3D-Printed Microscope

by Laura Jane Brooks (Bowman group, Cambridge) Labtimes 02/2016



Looking for a high performance microscope that’s small enough to slip under a fume hood or inside a biosafety cabinet? One so cheap to produce that it’s practically disposable? 3D printing can provide the answer.

Richard Bowman's research group at the NanoPhotonics Centre in Cambridge, UK, purchased their first 3D printer around three years ago. Very quickly, simple printed gadgets such as clips and holders found their way into many of our set-ups. But Bowman, who made his PhD in optical tweezers, had something rather more ambitious in mind. He set himself the challenge of designing a lab-worthy ­3D-printed microscope, using as few extra parts as practically possible.

The task is a tricky one. Ask any microscopist what makes the difference between a good microscope and a bad one, and they are sure to tell you that stability and accurate sample positioning are absolutely crucial. But can it really be possible to produce a high performance instrument from extruded plastic? Richard thought so, and after many months of careful tinkering, a zoo of printed prototypes and countless cups of coffee, he and his colleagues proved that it could be done. Better still, their innovative design is completely open source, so you’re free to use it and modify it for yourself.

Attempting to replicate conventional metal components in plastic can lead to quite disappointing results, producing flimsy printed pieces that look decidedly shoddy next to their machined metal counterparts. Clearly, a different approach is needed – one that is adapted to the properties of the materials at hand.

Unlike metals, polymers excel at reversible deformation – the ability to bend when stress is applied and return to their original shape when the load is removed. Realising this, Richard turned the natural compliance of plastic to his advantage, by designing a flexure-based mechanism for positioning and focussing.


The microscope body is printed as a single piece, to enhance its stiffness. Photo: Bowman group

Flexures are thinned regions of material that bend to allow movement. Acting as hinges between rigid linkers, these flexures create a system of levers that translates the microscope’s sample stage along its x and y axes. This arrangement provides remarkably precise motion control, producing movements accurate to less than a micron. Using a similar mechanism for the vertical axis, the microscope objective moves up and down to focus accurately on the sample and, what’s more, each axis can either be operated by hand, or fitted with stepper motors for automated control.

So far, so good but surely the same pliability that makes printed plastic effective for flexures must cost a great deal in terms of mechanical stability? How can you make a stable microscope out of a material with such notoriously low stiffness?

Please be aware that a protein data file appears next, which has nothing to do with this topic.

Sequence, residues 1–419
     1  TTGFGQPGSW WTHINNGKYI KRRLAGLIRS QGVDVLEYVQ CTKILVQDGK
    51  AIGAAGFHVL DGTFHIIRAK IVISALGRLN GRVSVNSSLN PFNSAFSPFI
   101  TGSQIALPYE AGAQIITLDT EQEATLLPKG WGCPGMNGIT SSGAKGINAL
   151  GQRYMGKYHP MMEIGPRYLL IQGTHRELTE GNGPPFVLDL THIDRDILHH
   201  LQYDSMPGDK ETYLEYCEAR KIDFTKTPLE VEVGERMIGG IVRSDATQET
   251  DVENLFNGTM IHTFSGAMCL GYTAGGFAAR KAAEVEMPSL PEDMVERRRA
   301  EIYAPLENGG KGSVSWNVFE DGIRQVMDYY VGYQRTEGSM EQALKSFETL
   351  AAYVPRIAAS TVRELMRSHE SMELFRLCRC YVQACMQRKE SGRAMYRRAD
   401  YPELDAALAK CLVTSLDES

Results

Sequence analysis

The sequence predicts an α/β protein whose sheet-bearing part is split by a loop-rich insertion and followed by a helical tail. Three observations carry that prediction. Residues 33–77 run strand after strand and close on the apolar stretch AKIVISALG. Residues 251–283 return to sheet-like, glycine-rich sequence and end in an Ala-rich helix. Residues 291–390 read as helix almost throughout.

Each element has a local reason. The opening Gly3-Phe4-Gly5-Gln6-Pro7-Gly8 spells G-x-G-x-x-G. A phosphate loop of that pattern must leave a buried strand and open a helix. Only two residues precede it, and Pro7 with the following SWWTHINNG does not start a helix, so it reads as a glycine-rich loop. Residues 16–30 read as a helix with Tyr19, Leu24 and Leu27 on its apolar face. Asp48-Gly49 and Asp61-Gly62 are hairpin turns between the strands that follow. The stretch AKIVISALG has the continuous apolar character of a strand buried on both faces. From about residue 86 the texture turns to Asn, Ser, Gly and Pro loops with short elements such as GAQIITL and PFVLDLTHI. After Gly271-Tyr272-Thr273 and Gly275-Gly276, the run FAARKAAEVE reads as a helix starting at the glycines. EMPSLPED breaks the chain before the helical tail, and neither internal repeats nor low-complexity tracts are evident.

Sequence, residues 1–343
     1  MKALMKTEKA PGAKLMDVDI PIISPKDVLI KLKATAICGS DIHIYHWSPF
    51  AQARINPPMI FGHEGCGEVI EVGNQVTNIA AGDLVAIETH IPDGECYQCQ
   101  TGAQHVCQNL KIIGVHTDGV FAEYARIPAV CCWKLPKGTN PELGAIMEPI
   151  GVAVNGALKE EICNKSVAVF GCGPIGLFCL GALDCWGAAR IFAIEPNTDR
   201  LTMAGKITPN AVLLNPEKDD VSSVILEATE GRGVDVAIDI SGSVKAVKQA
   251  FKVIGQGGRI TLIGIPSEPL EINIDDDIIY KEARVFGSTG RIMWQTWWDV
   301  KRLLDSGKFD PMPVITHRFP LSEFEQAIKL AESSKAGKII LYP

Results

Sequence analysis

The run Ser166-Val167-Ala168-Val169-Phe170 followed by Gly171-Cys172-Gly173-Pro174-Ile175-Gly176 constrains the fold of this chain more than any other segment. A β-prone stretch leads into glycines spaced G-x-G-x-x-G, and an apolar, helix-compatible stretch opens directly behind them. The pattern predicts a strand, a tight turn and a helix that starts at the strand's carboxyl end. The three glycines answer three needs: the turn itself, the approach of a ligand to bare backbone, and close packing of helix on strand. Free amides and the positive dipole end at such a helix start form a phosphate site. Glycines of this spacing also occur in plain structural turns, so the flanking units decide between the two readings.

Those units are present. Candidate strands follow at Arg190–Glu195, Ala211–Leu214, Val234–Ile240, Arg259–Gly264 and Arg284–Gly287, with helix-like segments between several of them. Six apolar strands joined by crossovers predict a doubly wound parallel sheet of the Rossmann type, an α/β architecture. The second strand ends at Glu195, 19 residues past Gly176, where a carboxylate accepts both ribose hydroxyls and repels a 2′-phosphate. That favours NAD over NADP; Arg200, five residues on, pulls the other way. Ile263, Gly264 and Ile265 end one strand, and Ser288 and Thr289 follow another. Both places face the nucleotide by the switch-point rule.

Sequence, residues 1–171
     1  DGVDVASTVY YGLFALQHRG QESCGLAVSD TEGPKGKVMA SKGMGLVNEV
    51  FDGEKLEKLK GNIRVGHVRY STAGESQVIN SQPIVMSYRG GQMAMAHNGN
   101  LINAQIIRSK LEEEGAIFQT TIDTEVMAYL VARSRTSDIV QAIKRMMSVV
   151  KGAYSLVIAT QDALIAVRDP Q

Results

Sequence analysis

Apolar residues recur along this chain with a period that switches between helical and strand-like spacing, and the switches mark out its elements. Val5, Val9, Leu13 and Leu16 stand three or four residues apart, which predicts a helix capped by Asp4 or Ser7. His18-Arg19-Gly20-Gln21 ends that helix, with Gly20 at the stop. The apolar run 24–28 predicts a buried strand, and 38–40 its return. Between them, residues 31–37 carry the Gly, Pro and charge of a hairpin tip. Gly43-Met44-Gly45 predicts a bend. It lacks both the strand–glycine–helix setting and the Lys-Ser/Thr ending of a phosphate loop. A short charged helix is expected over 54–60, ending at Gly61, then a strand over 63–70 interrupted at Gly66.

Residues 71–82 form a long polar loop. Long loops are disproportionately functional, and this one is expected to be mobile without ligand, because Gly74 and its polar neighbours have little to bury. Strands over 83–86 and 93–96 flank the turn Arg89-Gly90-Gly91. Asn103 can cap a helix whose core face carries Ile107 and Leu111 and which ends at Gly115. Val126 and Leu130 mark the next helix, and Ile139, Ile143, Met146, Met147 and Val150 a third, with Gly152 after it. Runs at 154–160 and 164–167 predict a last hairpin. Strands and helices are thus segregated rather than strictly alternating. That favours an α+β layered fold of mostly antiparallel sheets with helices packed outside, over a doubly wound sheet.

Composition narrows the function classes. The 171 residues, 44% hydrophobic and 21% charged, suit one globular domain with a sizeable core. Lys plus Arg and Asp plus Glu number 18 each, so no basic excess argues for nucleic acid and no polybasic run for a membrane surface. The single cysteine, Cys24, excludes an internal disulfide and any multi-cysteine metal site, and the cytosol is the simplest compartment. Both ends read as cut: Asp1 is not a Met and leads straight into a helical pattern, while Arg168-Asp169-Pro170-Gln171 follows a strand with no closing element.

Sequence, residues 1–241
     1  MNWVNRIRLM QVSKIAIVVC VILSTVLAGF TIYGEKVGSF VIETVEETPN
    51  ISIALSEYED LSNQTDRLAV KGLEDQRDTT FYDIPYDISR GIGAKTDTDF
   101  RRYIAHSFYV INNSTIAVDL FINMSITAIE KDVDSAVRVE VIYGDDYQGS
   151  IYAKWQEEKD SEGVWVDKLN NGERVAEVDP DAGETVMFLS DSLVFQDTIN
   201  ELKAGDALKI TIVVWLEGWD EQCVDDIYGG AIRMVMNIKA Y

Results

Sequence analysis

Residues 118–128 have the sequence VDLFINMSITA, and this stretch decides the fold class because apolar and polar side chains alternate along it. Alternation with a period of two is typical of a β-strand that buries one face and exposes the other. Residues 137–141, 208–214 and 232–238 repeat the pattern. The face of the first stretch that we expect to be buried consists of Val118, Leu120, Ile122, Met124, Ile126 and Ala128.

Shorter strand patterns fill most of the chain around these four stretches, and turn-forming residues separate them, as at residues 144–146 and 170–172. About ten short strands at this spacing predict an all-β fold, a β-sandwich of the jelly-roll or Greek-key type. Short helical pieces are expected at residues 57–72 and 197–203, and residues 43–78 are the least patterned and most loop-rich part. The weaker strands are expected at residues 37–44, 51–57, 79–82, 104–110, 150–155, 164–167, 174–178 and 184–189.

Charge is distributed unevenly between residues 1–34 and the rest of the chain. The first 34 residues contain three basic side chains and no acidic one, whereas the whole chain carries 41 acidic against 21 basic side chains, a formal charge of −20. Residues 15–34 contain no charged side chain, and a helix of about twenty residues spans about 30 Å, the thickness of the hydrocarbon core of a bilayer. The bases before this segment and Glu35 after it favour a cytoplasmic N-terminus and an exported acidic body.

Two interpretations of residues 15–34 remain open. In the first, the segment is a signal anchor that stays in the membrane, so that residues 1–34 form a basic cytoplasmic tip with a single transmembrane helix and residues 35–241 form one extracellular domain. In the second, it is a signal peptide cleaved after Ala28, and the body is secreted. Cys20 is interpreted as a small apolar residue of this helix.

As it turns out, a bit of thoughtful design can go a long way to minimising these problems. To start with, the entire stage prints in one single piece, which greatly increases the rigidity of the overall structure. The fact that the whole mechanism is formed of the same material also gives it a strong advantage, since the effects of thermal expansion are largely cancelled out across the object. Meanwhile, the stage’s compact, table-like shape makes it far stiffer than conventional designs and its small size means that there is simply less material to bend or expand.

As a result, both the focal height and the lateral position of the sample drift very little over time, making it suitable for time-lapse measurements over many hours, days, or even weeks. One of the beauties of Richard’s design is that it needs very few non-printed parts and they are easy to get your hands on for not a lot of money. The optics and electronics can be sourced, for example, from an inexpensive Raspberry Pi camera, providing an optical resolution of about 2 microns, a value comparable with a good 20x objective in a standard lab microscope. A simple LED is all that is required to provide suitable illumination, with just a tiny handful of nuts, bolts, washers and elastic bands beeing needed to fix the parts together to complete the assembly.

Thanks to the open hardware movement, makers are now able to invent, share and develop their designs more easily than ever before. You can freely download Richard’s source code and assembly instructions for the microscope here: www.docubricks.com/projects/openflexure-microscope

The OpenSCAD code can be easily adapted to suit your own requirements and should print on pretty much any extrusion-based printer, from the basic kits costing just a few hundred pounds, right up to more expensive machines. However, the optimal flexure thickness can vary, depending on the printer and the filament material, so a test object is helpfully included in the instructions to make it easy to correctly adjust your machine.

If you would like to read more about the flexure-based design, you can find all the details reported in the journal Review of Scientific Instruments (Sharkey et al., 2016, 87, 025104).

Cheap and easy to manufacture, lightweight and portable – the printed microscope enables sensitive time-lapse experiments without the weight and expense of a conventional research microscope. This makes it perfect for use in tight spaces, like fume hoods and incubators, as a disposable device in containment facilities, or even out in the field.





Last Changed: 11.04.2016




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